Two Competitions

I’ve been busy novelling for the last eight months or so and haven’t had time for competitions. However, a couple have popped into my inbox lately and, since I can’t use them, I thought I’d share them with you lovely people. Fingers crossed, one (or more) of you might have what it takes to be a winner!

Travel Writing Competition run by Travel for Seniors
This is free to enter and offers a first prize of £100 plus internet publication. They want 750 words on the theme ‘Travel for Seniors’ and the closing date is 31st July 2017. Entries can be fact or fiction.
Details are on the Senior Travel Expert website.

The Fiction Desk Newcomer Prize for Short Stories
This is aimed at ‘new and emerging writers who haven’t already been published by us, and have yet to publish a novel or full-length collection of short stories on paper‘. There is an entry fee of £8 and a first prize of £500 and second prize of £250. Closing date is 31st May 2017. Full details are on the Fiction Desk website.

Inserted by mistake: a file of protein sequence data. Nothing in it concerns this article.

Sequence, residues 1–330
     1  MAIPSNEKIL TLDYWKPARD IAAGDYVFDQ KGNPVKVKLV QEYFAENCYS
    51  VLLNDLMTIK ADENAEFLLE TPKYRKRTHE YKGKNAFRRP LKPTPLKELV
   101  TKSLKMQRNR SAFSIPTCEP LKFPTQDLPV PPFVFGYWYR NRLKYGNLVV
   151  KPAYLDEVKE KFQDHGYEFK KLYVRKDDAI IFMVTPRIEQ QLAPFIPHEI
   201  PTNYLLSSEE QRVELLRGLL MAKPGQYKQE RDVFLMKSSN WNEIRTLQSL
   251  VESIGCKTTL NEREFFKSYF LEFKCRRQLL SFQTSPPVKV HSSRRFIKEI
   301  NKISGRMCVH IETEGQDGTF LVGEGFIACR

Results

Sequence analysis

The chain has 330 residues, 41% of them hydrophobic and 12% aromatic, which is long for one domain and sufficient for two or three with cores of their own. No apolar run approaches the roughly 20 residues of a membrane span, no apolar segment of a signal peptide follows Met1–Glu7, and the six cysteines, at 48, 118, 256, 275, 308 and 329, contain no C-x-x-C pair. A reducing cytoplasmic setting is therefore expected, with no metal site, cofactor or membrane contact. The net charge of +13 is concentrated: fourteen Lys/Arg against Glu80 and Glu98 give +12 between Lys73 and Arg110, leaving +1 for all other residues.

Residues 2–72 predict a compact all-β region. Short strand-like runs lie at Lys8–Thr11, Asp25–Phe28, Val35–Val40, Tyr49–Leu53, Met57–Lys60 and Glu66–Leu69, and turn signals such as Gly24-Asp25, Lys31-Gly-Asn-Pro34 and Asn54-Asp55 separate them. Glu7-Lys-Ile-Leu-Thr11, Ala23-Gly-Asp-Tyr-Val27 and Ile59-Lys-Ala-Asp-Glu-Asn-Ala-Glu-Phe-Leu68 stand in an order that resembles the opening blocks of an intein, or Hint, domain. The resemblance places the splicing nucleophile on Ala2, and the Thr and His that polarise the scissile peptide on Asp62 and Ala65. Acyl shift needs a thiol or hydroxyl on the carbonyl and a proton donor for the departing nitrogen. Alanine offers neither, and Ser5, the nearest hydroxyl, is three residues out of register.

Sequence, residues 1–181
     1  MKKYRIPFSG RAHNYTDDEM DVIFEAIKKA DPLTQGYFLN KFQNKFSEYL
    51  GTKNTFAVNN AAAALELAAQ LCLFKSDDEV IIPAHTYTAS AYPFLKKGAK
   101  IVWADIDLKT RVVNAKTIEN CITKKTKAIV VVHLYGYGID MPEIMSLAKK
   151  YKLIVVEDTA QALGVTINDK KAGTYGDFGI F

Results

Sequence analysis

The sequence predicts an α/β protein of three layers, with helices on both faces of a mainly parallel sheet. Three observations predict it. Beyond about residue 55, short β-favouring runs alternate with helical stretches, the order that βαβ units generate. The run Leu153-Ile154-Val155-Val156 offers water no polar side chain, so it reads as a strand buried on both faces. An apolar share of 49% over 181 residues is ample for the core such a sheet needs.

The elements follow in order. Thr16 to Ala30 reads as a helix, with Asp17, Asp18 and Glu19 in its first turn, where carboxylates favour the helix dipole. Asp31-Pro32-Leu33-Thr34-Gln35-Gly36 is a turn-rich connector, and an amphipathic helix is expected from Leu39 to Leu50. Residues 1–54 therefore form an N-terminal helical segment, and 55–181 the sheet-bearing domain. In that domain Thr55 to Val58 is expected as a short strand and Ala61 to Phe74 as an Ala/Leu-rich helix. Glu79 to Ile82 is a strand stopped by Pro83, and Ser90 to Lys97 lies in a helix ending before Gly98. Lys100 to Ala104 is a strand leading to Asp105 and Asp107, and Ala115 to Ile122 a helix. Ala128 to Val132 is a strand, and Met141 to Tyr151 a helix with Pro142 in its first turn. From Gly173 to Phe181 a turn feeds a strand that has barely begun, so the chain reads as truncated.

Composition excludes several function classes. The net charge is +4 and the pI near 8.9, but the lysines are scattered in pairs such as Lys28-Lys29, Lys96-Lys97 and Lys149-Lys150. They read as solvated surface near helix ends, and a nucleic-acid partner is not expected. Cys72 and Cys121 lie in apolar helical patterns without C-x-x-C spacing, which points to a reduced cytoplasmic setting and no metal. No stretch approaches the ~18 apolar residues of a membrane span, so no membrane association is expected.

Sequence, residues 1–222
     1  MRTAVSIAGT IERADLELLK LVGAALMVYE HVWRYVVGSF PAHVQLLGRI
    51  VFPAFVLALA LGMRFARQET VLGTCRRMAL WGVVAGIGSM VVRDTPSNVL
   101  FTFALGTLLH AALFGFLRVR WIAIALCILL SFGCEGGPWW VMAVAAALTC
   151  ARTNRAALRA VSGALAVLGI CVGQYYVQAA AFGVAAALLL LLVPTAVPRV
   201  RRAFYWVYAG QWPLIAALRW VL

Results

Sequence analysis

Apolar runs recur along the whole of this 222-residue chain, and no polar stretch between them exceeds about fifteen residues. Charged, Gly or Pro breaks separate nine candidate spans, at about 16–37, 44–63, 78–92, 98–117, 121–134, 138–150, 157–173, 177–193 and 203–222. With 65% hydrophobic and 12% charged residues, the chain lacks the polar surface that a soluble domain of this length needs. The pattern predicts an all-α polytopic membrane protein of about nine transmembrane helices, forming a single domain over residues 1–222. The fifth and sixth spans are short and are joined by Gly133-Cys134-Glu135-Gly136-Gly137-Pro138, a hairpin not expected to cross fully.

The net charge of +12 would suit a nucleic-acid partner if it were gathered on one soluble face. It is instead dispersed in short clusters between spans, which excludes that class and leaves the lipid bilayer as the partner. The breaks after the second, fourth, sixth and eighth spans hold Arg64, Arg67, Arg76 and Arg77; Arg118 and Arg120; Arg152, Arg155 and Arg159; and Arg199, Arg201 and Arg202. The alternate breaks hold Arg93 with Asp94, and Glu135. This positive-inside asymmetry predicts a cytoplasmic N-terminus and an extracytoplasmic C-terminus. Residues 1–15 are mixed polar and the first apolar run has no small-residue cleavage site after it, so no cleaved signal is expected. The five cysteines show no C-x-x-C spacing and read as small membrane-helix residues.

Good Luck!

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The Trouble with Goats and Sheep by Joanna Cannon

I know that at least one of my followers has read The Trouble with Goats and Sheep by Joanna Cannon but the rest of you may have an opinion on it too.The Trouble with Goats and Sheep by Joanna Cannon I read it in a hurry this week – it was due back at the library and couldn’t be renewed due to another reservation, which shows how popular it is.

The story takes place over the famous hot summer of 1976 with flashbacks to 1967. It focuses on the disappearance of a woman and the repercussions this has on the rest of the people in the street. Much of it is from the viewpoint of a 10-year-old girl.

It took me a while to settle into the book because I was trying to read it too quickly. The pace very much reflects the languor of summer days that are too hot and school holidays that stretch forever into the future. The book needs to be read at this pace to appreciate the tiny details of daily life 40 years ago. The story is the slow peeling of secrets from the streets inhabitants – people aren’t always what they seem. I lived through that summer and, like 10-year-old Grace, collected Whimsies – little pottery animals that cost 10p. There’s lots of this exquisite minutiae and description in the book and don’t read it when hungry because a lot of biscuits are eaten too!